Bassinets and cradles
Bassinets and cradles are only covered by voluntary safety standards, not mandatory federal standards. We recommend that you use a full-size crib if you can.
- Buy a bassinet or cradle with a wide, stable base, and a sturdy bottom. Look for a sticker from JPMA (Juvenile Products Manufacturers Association).
- Buy a cradle that barely rocks. If it rocks too much, it can press your baby against the sides of the cradle.
- Make sure there are no splinters, no sharp points or edges, and no small parts that your baby could choke on.
- Buy a firm mattress or pad that fits the bassinet or cradle snugly.
- Buy a sheet that is designed to fit the mattress or pad. Make sure the mattress or pad is no more than 1½ inches thick.
- If you use a bassinet or cradle that folds up when not in use, make sure it locks when it is open.
- The mattress or mattress pad and sheet should be smooth and fit snugly. Do not use a pillowcase or larger sheet.
- If you need replacement parts, make sure they are from the same company that made the cradle or bassinet.
- Do not use a co-sleeper (an infant bed that attaches to an adult bed). There are no safety standards for co-sleepers.
- Move your baby to a crib as soon as she pushes up on her hands and knees or reaches the maximum weight for the bassinet or cradle.
For more information, visit Babies & Kids on the Consumer Reports website.
Copyright 2008, Consumers Union of United States, Inc. All rights reserved. No redistribution allowed.
Frequently Asked Questions
What is the safest crib for my baby?
A full-size crib is best for your baby. The Consumer Product Safety Commission (CPSC) is reviewing safety standards on cribs and urging parents to avoid drop-side cribs (cribs with sides that move up and down). Many of these kinds of cribs have been recalled. It's best to have a crib with sides that don't move. Other things to keep in mind:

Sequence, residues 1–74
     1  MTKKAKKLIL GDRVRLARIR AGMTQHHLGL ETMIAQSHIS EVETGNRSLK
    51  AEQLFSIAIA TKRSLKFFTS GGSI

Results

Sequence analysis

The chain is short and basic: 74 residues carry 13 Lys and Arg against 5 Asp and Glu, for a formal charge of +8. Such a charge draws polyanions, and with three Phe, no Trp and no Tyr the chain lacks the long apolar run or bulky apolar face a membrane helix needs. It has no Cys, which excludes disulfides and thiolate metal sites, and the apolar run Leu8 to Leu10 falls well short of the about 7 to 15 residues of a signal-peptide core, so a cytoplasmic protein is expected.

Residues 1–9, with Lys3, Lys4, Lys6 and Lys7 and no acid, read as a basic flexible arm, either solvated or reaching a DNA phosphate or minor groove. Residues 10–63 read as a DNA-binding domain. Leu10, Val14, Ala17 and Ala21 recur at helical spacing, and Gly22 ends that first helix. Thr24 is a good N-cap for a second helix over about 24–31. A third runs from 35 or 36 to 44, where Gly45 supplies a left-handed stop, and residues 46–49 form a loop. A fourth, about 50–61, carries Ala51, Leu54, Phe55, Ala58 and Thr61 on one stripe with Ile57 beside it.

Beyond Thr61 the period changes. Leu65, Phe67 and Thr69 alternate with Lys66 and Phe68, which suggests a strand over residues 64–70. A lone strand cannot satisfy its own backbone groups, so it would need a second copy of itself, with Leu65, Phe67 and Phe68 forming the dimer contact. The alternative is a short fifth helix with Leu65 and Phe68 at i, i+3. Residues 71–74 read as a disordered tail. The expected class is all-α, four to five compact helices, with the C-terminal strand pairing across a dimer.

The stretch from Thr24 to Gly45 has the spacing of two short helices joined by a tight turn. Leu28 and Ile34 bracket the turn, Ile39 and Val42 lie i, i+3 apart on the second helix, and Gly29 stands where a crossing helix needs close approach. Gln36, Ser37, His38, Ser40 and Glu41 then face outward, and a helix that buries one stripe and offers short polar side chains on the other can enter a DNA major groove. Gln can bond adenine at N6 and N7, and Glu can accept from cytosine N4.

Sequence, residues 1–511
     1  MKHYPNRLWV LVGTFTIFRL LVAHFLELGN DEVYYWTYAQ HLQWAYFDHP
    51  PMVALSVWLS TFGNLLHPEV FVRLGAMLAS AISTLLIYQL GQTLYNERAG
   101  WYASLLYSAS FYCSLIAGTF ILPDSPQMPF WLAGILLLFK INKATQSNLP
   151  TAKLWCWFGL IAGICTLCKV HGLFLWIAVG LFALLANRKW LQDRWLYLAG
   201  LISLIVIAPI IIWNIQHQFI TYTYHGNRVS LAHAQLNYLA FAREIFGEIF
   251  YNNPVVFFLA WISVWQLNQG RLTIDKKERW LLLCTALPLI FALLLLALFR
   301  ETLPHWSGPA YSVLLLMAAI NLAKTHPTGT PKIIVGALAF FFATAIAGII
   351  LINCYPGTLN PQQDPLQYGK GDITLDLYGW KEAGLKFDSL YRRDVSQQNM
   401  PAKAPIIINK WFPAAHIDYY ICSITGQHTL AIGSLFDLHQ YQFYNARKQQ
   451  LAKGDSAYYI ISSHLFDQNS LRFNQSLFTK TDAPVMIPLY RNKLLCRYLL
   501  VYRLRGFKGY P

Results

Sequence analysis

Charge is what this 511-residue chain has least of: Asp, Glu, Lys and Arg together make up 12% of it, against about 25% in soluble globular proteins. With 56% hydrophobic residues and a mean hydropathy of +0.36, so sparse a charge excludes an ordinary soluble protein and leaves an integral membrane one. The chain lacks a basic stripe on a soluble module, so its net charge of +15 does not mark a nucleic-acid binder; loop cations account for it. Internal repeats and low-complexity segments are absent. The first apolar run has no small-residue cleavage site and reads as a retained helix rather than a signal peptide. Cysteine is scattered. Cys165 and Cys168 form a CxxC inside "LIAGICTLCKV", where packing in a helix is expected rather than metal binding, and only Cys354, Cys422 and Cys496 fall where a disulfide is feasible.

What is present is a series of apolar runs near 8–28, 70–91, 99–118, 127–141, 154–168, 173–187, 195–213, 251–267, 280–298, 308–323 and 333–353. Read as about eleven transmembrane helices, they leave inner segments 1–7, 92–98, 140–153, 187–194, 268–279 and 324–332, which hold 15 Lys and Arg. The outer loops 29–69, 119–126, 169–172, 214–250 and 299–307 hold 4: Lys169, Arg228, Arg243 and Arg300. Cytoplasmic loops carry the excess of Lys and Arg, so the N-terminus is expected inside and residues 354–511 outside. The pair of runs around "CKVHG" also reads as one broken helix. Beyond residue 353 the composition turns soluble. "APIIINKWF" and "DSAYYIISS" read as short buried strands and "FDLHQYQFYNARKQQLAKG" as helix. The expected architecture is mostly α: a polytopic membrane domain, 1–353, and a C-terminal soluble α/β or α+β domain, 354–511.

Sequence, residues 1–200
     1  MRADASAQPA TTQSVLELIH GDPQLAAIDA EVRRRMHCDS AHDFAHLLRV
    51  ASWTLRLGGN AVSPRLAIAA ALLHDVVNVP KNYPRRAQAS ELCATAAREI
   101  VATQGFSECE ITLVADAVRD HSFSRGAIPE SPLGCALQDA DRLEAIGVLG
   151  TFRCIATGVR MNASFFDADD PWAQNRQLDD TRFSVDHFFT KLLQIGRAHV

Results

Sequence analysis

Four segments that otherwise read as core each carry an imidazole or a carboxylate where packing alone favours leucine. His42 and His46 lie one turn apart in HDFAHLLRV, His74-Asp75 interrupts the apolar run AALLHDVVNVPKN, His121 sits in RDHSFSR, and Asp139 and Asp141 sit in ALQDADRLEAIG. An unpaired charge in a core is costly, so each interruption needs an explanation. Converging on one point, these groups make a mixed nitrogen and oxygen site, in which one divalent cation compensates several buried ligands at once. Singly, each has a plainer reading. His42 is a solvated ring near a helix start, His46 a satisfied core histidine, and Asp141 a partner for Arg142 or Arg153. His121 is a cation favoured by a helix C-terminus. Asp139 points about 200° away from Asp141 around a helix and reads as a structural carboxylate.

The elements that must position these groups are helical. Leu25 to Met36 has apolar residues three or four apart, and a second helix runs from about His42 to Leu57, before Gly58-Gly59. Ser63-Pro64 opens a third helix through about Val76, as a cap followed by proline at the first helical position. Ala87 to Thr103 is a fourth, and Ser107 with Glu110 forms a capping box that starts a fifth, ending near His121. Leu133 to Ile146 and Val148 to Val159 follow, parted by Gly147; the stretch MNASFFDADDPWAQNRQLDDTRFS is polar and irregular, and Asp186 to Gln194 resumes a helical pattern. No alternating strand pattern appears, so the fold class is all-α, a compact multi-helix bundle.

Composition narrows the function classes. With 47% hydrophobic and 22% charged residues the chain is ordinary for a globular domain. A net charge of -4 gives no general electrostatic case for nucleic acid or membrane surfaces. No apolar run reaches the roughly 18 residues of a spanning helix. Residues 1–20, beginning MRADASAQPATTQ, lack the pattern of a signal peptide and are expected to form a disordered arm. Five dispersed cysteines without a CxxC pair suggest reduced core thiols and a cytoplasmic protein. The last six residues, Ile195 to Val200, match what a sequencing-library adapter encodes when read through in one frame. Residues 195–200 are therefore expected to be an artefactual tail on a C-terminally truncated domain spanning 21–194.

- Crib mattresses should be firm and tight-fitting. Otherwise, a baby may get trapped in the space between the mattress and the crib.
- You shouldn't be able to put more than two fingers between the mattress and the crib frame.
- Sheets should fit snugly.
- Don’t use bumper guards on cribs because they pose a suffocation risk. Newborns and small infants aren't able to pull themselves free if they become stuck between the bumper pad and the side of the crib.
- If you have a used crib, check the CPCS website to see if it's been recalled.
- Make sure corner posts are less than 1/16 inch. Otherwise, clothing could get caught and your baby might strangle.
- There shouldn't be more than 2 3/8 inches between crib slats so a baby's body cannot fit through.
What kind of car seat is safest for my baby?
If possible, buy a new car seat. That way, you're sure that it's never been in a car crash. If you're using a used car seat, be certain it is not more than 6 years old, has never been in a crash and hasn't been recalled (check the Consumer Product Safety Commission for recalls).
Look for a model with a five-point harness (two shoulder straps, two leg straps and one crotch strap). It's the safest for baby. You can choose an infant-only seat, which is always used rear-facing. You can also choose a convertible seat. These start out rear-facing but can change to a front-facing seat when your baby gets bigger. Other tips:
- Recline a rear-facing car safety seat at about 45 degrees or as directed by the instructions that came with the seat.
- Get a free inspection to make sure the seat is installed right.
- If you have a baby who is premature or has a low birthweight, look for a car safety seat with the shortest distance between the crotch strap and the seat back. Ideally, pick one with a crotch-to-seat back distance of 5 1/2 inches.
- Pay close attention to the lower weight limit of the car seat. The typical car seat is only suited for newborns that weigh more than 5 pounds. Look for infant seats that can accommodate a baby who weighs 4 pounds or less. Some manufactures sell inserts to attach to a regular infant car seat for preemies or low-birthweight babies.